ATLAS is a multipurpose experiment at the LHC proton-proton collider. Its physics goals require
high resolution, unbiased measurement of all charged particle kinematic parameters. These critically
depend on the layout and performance of the tracking system and the quality of its offline alignment.
For the LHC Run II, the system has been upgraded with the installation of a new
pixel layer, the Insertable B-layer (IBL). Offline track alignment of the ATLAS tracking system has to deal with about 700,000 degrees of freedom (DoF) defining its geometrical parameters, representing a considerable numerical challenge in terms of both CPU time and precision. An outline of the track based alignment approach and its implementation within the ATLAS software will be presented. Special attention will be paid to integration to the alignment framework of the IBL. Techniques allowing to pinpoint and eliminate tracking systematics due to alignment as well as strategies to deal with time-dependent variations will be briefly covered. The results from the 2015 data taking campaigns will be discussed in which a mechanical distortion of the IBL staves has been observed and preliminary results will be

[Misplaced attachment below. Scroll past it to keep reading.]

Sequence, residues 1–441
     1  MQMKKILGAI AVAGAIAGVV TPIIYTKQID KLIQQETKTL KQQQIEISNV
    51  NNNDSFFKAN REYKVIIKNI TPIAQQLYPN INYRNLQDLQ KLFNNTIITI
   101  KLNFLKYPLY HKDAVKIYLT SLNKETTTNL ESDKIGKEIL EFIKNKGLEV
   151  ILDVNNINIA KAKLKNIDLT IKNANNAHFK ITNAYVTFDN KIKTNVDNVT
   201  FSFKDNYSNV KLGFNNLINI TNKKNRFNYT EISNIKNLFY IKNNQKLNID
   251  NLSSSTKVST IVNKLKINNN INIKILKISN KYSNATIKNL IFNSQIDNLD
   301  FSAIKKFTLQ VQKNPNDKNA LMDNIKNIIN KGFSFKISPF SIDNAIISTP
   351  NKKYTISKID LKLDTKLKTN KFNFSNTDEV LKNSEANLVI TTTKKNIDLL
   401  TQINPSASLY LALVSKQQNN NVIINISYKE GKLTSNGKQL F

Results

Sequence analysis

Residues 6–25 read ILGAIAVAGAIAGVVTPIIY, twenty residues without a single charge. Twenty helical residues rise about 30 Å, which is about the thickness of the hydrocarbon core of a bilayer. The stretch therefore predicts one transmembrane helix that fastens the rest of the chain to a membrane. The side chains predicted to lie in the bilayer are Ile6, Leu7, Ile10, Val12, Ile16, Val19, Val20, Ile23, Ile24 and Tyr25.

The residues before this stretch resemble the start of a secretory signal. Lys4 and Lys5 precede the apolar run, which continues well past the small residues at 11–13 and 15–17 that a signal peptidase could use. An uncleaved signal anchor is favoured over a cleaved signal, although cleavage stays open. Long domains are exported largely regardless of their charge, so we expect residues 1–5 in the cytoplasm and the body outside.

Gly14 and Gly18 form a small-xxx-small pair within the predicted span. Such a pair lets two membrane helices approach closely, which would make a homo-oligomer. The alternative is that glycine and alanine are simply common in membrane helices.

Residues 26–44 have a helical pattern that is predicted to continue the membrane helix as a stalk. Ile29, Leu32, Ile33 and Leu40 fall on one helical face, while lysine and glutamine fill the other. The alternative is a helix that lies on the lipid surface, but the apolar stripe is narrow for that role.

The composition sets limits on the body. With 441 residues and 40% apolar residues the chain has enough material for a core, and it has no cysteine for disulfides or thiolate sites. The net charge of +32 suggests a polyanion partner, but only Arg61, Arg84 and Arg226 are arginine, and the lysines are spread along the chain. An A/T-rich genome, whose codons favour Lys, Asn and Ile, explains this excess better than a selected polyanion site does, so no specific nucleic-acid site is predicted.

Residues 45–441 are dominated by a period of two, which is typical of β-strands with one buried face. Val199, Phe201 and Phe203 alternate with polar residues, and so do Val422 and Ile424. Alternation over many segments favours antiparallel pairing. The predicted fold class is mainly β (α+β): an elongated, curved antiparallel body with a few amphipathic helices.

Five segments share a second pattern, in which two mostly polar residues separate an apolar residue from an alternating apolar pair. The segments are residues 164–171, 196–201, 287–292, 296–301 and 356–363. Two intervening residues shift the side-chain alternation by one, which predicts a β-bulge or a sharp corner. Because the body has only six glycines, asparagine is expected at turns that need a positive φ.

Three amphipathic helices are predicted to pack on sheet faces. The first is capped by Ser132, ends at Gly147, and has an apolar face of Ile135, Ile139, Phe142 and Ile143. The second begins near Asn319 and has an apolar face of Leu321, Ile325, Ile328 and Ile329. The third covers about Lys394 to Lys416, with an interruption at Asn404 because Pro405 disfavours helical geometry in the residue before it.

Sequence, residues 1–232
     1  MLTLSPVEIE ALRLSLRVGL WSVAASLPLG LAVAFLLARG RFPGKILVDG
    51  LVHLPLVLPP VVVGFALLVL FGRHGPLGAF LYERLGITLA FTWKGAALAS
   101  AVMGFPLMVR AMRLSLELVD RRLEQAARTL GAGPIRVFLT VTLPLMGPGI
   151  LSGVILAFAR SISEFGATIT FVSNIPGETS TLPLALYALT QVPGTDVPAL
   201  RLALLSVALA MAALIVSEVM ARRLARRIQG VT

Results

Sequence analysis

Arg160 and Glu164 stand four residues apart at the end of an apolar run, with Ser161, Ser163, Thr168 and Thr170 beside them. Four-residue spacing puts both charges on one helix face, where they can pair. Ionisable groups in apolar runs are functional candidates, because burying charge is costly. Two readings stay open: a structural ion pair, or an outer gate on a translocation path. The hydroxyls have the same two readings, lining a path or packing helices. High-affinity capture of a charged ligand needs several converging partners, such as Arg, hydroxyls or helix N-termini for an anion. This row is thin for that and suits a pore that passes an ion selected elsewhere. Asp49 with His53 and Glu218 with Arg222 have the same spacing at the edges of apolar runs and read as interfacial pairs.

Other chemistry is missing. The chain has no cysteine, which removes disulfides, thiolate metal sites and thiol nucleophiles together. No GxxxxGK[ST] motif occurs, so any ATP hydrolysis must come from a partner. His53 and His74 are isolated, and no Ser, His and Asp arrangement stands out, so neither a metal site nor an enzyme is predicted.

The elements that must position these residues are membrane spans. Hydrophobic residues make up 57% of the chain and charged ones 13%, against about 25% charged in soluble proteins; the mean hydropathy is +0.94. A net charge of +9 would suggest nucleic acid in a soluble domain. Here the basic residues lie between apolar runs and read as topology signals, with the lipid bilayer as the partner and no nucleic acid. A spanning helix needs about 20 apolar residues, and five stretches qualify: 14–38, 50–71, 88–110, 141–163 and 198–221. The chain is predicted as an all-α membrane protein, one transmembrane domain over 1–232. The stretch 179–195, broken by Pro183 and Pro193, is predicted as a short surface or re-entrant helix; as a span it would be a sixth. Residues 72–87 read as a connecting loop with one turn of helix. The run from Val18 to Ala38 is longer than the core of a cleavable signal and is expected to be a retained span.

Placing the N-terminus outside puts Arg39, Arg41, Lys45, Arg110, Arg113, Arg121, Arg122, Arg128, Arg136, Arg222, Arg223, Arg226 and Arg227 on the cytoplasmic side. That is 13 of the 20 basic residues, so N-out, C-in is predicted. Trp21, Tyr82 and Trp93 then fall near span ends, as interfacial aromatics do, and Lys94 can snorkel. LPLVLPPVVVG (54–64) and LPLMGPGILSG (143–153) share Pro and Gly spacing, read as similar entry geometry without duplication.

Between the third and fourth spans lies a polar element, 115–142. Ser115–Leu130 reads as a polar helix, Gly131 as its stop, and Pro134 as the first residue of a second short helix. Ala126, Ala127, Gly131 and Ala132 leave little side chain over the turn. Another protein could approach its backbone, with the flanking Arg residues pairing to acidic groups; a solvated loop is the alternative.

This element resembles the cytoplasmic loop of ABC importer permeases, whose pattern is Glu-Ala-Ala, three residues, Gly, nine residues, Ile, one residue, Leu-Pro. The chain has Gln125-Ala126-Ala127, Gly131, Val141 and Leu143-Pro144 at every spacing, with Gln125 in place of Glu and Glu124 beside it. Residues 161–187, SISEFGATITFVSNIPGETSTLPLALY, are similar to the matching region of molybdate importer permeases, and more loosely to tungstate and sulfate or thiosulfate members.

presented detailing how this effect is mitigated.